State of the Art: ADHD and Productivity

This photo of Tribble very accurately reflects the state of my mind these past couple months: unfocused, poorly balanced, and generally confused. But, unlike my younger self, I’m trying not to beat myself up about it. I’m trying to be more gentle with myself, which is what I should have been doing all along, instead of punishing myself for the way my brain works. For most of my life, I thought I was just lazy, stupid, and incapable – turns out it was just ADHD, and I am none of those things! Huzzah!

I’m still learning how best to work with my ADHD instead of against it, and it’s kinda rough. I have plenty of days when I have work that needs to get done and my brain finds every possible way to get distracted in order to avoid Doing the Thing. I once found myself sorting French grammar flash cards, which hadn’t been touched in YEARS, instead of working on the project I needed to get done! What the heck, brain! So what do I do when my brain is determined to keep me from my work? 

Indulge it. 

Give it a break. Do something entirely different, preferably in a different room to physically separate myself from the task I’m avoiding. If I feel like playing, I’ll play a video game for half an hour. Maybe I’ll read a book or catch up on webcomics. If I’m feeling up for it, I’ll do some chores or go for a walk. When I’ve had some time away from The Thing, I’ll hop back over to it and see if my ability to focus on it has come back. If it has, lovely! If not, that’s okay – do another different thing. I’ll get the work done either way, it’s just a matter of whether I’m doing it excruciatingly slowly and burdened with negative feelings or not. 

All of this to say that sometimes we need a break. And that’s okay. We need to be kind to our brains and to ourselves.

State of the Art: August Wrap-Up

Hey all!

Can you believe August is almost over? I, for one, am not terribly sad – bring on autumn! Bring on winter! I am VERY sick of the heat and humidity of summer in the south. However, I will say that one of the highlights of August has been the Smaugust dragon drawing challenge! It’s so fun to sit down and doodle some dragons! Not that I usually need much of an excuse~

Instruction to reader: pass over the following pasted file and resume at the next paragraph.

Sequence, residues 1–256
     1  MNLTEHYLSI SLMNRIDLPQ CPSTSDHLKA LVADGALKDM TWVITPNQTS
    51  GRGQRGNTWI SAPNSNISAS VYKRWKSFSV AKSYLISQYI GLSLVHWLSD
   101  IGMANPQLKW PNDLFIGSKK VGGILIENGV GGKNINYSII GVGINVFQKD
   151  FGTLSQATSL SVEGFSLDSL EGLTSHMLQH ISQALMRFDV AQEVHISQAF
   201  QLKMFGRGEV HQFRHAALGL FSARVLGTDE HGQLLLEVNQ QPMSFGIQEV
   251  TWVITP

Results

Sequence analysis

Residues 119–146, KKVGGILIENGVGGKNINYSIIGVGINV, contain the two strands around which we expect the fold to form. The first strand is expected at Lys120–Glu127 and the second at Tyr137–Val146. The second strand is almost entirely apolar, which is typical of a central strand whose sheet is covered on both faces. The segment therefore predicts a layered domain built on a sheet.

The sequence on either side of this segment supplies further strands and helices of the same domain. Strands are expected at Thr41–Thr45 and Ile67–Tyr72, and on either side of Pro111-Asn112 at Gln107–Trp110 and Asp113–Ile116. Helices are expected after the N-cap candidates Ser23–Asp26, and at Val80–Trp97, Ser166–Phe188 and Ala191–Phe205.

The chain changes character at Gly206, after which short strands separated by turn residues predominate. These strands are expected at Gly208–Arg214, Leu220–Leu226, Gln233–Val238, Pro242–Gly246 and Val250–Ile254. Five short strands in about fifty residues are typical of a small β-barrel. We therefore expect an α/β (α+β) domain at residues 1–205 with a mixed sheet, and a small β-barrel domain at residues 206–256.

And speaking of drawing challenges… my friend GlitchingIcarus (check out their Tumblr and their Patreon!) and I have put one together for September! We both love selkies, and so we thought a Selkie September drawing challenge was only appropriate!

We’ve designed it to be low-pressure because most daily drawing challenges can get overwhelming if you have a full-time job and other obligations. Even though I’ve been loving Smaugust, I’m still falling behind because I just don’t have as much time to draw for fun. Thus, we’ve created weekly challenges! Two short challenges for both short weeks at the beginning and end of September, and then five challenges for the three full weeks in between. Folks can pick and choose as many or as few as they’d like – we’re just excited to see some lovely selkie art!

I hope you all are doing well – stay safe, and all that!

State of the Art: Practice, Practice!

I bought this book on nib pen skills recently, and I’m really enjoying it so far! It’s got a lot of great exercises, and I’m excited to work through them. It’s pretty fun to go back to the basics, see what skills I already have, and what more I have to learn! I decided to do the first exercise with three different ink tools – two nib pens and one brush pen. 

I started out with the Hiro Leonardt no. 41 nib, which is the one I’m most familiar with. It works well for steady lines, which is great for lettering. However, smooth line weight variation is not one of its greatest skills. I still love it, though!

Next up, I switched to the Leonardt 11EF nib. It’s pretty great! It gives nice, delicate lines when I need it to, and it had good line weight control. I’m really pleased with it! However, I’ve got to figure out some solution for how sharp it is. It tends to scrape the paper and pick up paper fibers, which isn’t great for the nib nor for the paper. I really enjoyed working with this nib overall!

Lastly, I played around with the Kuretake Zig Cartoonist Brush Pen, no. 24. It has SUCH a nice smooth line! I love the synthetic brush hairs as opposed to a felt-tip that goes dull after using it a few times. It is still a brush tip though, so it’s kind of hard for me to control, as you’ll see with the E-P exercises. I’ll get better with practice, though! I really love the look of brush inks, so I’m going to work hard.

I really enjoy working digitally, but I also miss the physicality and process of inking with a pen or brush. I’m still going to work digitally for the most part, but I have plans for other projects that I would like to do traditionally, or a mix of traditional and digital. I’m having a lot of fun exploring these areas of art that I hadn’t worked with for some time!